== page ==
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The dark look he gives me makes the cool night feel like hot July. I can’t tell if he wants to devour me with his lips or his teeth. Flint is the fine line between lust and hate. I’m not ready to walk it—yet.

“I’m going to miss tidying you up, Mr. Hopkins. I like to think of myself as an expert on suits, and I can say with one hundred percent certainty that no man has ever looked this good in a suit.”

His jaw clenches once and his lips part. I could lift onto my toes and taste them. But seriously, I think he would bite me. “You’re out of line,” he whispers with a deep tone of warning.

I slide his tie through my fingers, holding just the tip of it for a few seconds before letting it fall back to his chest. “Well, you know what they say—rules are made to be broken and lines are drawn to be crossed.” I step back.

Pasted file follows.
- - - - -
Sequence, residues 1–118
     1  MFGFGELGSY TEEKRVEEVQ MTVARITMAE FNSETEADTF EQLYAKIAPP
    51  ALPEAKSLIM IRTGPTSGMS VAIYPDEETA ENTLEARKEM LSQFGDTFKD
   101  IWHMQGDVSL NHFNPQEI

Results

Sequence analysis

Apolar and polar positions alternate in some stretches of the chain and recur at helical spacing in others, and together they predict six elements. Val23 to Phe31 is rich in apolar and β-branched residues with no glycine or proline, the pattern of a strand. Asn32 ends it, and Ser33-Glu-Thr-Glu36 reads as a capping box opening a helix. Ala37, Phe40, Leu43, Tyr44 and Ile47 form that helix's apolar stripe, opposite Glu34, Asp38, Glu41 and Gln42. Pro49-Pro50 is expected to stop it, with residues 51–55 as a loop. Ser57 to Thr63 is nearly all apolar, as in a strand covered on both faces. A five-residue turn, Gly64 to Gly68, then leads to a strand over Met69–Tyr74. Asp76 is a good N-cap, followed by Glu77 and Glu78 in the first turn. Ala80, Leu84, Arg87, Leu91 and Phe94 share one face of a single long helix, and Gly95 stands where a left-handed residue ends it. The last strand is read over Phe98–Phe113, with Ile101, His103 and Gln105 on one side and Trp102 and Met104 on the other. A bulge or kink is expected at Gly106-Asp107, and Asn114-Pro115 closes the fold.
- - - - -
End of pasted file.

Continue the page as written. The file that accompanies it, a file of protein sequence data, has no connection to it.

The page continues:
His gaze follows me—my breasts, my lips—before landing on my eyes. He’s a beautiful, dark man. So dark. Why? I’ll probably never know.

“See you tomorrow. We’ll start planning my going-away party.” I wink before turning and grabbing my bag and Mozart. “For my party…” I walk toward my car without another glance back “…think about wearing a three-piece suit. I love what you have on today.” I whistle a cat call. “Mmm mmm … but the addition of a vest like you wore the day we met could make my panties fall right off.”



I watch her ass wave goodbye, and I imagine her panties falling right off.

“You need to get laid,” I grumble, climbing into my seat and slamming the door shut.

It’s not that I’ve been celibate since I lost Heidi; I just haven’t brought a woman to my house since I got custody of Harrison again. Simon’s dad divorced his cheating wife. I killed Heidi because I was an alcoholic. Maybe in terms of sex, that shouldn’t matter, but it does.

I hook up with women for one night. Hotels. Their place. But never mine. I don’t introduce them to Harrison. I don’t make any connections beyond the sex. And I don’t have sex that often. It’s only when he’s at a friend’s house, Heidi’s mom’s place, or when my parents come to visit. Yes, I have parents who understand my needs.